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President-Elect Joe Biden’s Tax Proposals

The incoming White House administration can be expected to try to change the way Americans are taxed. The Biden administration will work to convince Congress to enact its preferred federal tax policies. It remains to be seen if changes will happen during 2021 or years later. Stay tuned.

Meanwhile, here are some interesting tax changes for individuals and businesses from the Biden administration’s wish list.


  • Increase the top marginal tax rate from 37% to 39.6% for those with income over $400,000.
  • Raise the tax rate on capital gains and qualified dividends for those making over $1 million. The current preferential rate is 20%, which would increase to 39.6%.
  • Remove the $10,000 limit on itemized deductions for state and local taxes.
  • Phase-out to ultimately eliminate the current 20% deduction relating to pass-through income (e.g. qualifying trade or business income and certain rental income earned through sole proprietorship, partnerships, LLCs, S-corporations).

Individual Tax Credits

  • Increase the child tax credit from $2,000 to $3,000 (or $3,600 for children under 6 years old).
  • Raise the child-care credit up to $16,000 for two or more children for individuals with income up to $125,000 per year.
  • Allow the earned income tax credit to extend to workers older than 65 even if they do not have a qualifying child.
  • Enact a new $5,000 tax credit for family caregivers of people who have certain physical and cognitive needs.
  • Enact a new refundable tax credit of up to $15,000 for first-time homebuyers.
  • Enact a new renter’s tax credit for low-income taxpayers. This credit is designed so that rent and utilities are limited to about 30% of their income.


  • Currently, a flat 21% tax rate applies on taxable income of corporate taxpayers, commonly referred to as C-corporations. The new administration proposes to increase the tax rate from 21% to 28%.


  • Eliminate stepped-up basis on transfers of appreciated property at death. Current rules provide for an adjustment to “step-up” to market value the cost of each asset owned by the deceased. Beneficiaries inherit the “stepped-up” cost which minimizes or eliminates capital gain taxes when the property is sold at a future time; presently, the taxable gain would only be the increase in value from the time of inheritance to the future date of sale. The new administration proposes to eliminate the “step-up” adjustment; as such, the beneficiaries will use the actual ‘old’ cost of the properties in determining capital gain. This scenario could result in higher capital gain taxes.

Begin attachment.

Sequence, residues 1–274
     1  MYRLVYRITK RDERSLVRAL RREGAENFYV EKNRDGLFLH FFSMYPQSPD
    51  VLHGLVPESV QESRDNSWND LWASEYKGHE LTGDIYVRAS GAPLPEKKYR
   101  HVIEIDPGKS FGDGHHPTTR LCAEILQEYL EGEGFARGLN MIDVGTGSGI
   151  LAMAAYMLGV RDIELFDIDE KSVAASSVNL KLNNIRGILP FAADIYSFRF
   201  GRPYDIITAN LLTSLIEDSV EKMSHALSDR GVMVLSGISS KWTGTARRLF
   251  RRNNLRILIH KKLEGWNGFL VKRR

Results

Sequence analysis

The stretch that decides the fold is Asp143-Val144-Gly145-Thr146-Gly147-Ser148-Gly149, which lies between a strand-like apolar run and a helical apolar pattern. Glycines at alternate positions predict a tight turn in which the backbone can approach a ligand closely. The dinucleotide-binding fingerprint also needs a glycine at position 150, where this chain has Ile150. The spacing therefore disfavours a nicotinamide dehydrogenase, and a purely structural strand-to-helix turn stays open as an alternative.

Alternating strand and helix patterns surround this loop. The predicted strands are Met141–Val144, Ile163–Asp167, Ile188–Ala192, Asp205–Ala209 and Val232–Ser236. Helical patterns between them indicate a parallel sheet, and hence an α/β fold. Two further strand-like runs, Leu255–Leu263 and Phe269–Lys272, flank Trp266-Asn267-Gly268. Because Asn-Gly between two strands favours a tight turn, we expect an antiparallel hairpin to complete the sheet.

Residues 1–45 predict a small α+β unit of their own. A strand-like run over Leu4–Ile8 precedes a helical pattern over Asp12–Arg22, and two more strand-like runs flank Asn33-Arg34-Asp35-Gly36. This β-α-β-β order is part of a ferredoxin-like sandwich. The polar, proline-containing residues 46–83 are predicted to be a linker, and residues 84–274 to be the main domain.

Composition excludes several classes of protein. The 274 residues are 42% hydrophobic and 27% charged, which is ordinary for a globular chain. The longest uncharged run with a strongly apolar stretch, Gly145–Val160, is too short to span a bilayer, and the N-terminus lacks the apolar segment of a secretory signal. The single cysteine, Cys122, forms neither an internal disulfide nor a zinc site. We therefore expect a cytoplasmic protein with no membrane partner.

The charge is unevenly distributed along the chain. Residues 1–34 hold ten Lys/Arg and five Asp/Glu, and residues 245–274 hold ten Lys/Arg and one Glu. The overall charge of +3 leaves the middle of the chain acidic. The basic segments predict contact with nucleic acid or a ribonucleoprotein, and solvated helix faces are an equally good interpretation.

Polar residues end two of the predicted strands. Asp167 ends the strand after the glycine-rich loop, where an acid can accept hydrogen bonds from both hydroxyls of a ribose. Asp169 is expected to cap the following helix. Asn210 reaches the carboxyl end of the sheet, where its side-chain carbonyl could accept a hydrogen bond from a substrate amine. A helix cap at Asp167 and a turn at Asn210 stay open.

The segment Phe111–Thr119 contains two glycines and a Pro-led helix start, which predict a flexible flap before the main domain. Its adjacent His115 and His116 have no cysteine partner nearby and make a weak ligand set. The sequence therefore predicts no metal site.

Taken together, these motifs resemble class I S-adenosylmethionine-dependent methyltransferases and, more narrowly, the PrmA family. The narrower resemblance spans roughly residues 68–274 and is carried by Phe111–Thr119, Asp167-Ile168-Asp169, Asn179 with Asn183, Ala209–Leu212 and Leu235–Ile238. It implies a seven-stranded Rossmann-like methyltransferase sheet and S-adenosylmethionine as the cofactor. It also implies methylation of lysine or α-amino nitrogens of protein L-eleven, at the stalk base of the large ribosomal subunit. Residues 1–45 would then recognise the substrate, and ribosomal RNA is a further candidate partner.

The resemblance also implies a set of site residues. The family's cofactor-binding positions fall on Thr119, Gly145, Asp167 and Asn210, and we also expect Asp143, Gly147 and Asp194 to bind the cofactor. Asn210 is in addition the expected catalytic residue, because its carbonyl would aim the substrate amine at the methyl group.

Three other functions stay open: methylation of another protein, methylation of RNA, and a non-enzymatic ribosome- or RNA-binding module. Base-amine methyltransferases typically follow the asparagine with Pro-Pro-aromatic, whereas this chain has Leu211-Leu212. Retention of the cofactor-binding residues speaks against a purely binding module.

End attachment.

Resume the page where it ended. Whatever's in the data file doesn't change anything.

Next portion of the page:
Estate and Gift

  • The current amount exempt from estate taxation is $11,580,000 (year 2020) which will drop to $5.8 million after the year 2025. The Biden administration proposes to accelerate the reduction of the exemption amount.
  • Estate tax applies to assets above the exemption. The new administration proposes to raise the estate tax rate from 40% to prior levels (possibly a 45% rate). Individuals should revisit their estate planning to determine any estate tax if the value of the exemption is eventually lowered. Keep track of your assets and their worth over time. How much real estate and some stock investments rose in value over the years might come as a surprise.

Good planning for your personal finances and small business means knowing what changes maybe in the works in 2021, before you make major financial decisions.

Next month this column will address further income tax, estate tax issues and related estate planning strategies for small businesses and residents on the Mendocino Coast.

Larry Flores
CPA of Hogan & Stickel, Inc.

Brandt R. Stickel, JD, LLM and Larry Flores, CPA of Hogan & Stickel, Inc. are providing this column as a courtesy to the Real Estate Magazine readers regarding tax changes on the horizon.

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